So yeah, call-outs are optional. We do our elections in the spring, and actually have our deadline set for April 1 usually. We try to achieve 100% unit visitations by then, lodge goal and all that. It gives us enough lee-way for the camporees in May. That's where we do the first call-outs, and we do one each week at camp as well. The Scouters have to know, as they are responsible for signalling to the team who is to go up. We have our own ceremony, as do most. It's always fun at camp because we actually bring the ceremonialists in by canoe. It's a great effect seeing the torches skirting across the lake during the campfire. Anyway, tap-outs may have ended in 1989, but we did them up until at least 2001. I know I was tapped out in 1999. Now, we didn't tap hard, it was very light (unless you were like me and knew the person doing the tapping very well, in which case, it was hard). Then the name was called out after that. We have a habit of little things like that, but we've always been selective about it. If the principal knew a candidate, they'd have some fun. Be it tap-outs, Ordeals, or Brotherhood ceremonies.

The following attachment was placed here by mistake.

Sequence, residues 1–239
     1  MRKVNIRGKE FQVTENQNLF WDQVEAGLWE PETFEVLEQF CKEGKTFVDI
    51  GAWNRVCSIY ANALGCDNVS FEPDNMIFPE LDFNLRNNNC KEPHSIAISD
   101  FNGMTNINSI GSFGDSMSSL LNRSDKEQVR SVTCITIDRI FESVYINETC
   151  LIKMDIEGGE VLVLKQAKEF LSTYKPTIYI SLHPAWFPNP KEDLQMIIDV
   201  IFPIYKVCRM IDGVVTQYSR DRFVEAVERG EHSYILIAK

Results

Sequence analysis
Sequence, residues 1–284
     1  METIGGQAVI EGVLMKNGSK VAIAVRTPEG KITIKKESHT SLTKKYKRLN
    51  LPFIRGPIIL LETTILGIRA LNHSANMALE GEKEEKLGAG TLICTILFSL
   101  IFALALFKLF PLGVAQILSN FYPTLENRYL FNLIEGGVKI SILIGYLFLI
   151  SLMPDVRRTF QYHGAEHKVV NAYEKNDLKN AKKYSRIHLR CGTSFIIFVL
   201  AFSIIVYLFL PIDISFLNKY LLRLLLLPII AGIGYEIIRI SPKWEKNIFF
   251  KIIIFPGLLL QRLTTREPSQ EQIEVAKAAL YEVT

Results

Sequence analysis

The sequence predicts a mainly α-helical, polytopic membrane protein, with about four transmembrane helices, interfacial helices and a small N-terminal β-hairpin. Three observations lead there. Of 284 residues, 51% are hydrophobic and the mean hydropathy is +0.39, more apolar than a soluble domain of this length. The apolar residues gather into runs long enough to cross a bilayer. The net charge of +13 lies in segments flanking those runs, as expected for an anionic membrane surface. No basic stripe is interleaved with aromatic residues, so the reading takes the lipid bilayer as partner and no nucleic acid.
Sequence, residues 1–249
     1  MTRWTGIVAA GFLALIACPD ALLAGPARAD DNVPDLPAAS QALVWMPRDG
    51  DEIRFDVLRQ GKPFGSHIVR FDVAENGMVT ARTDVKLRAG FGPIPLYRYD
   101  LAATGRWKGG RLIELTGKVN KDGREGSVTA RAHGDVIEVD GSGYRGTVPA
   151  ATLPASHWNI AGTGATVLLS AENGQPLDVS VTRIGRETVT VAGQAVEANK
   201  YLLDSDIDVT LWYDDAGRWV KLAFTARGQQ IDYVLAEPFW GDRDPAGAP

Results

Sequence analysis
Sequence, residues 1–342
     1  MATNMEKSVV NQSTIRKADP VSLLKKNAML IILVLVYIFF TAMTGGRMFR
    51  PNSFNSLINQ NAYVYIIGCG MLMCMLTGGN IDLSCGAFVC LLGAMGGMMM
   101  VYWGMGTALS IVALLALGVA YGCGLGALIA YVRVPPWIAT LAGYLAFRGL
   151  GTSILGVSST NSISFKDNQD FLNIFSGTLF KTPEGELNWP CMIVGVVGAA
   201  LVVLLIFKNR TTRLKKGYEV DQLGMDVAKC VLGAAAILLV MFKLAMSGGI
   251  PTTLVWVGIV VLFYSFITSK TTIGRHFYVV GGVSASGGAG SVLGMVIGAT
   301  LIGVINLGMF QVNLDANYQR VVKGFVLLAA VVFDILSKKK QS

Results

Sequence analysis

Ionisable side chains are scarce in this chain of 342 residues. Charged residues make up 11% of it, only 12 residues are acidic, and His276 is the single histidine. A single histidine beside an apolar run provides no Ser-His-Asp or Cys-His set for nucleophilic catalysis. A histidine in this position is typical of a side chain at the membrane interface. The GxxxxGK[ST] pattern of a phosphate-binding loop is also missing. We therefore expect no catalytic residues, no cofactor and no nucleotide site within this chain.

12. VigilEagle04

    Indian Summer

    I went in 2003, and it was a good time. Lots of information on American Indian history/lore/craft. Seminars on ceremonies and dance were held as well though. As with anything, it being the first time for an event, there were kinks and it was a prototype. All in all, it was an excellent time though. If nothing else I completed a breastplate, two chokers, and some other stuff there while there during my down time.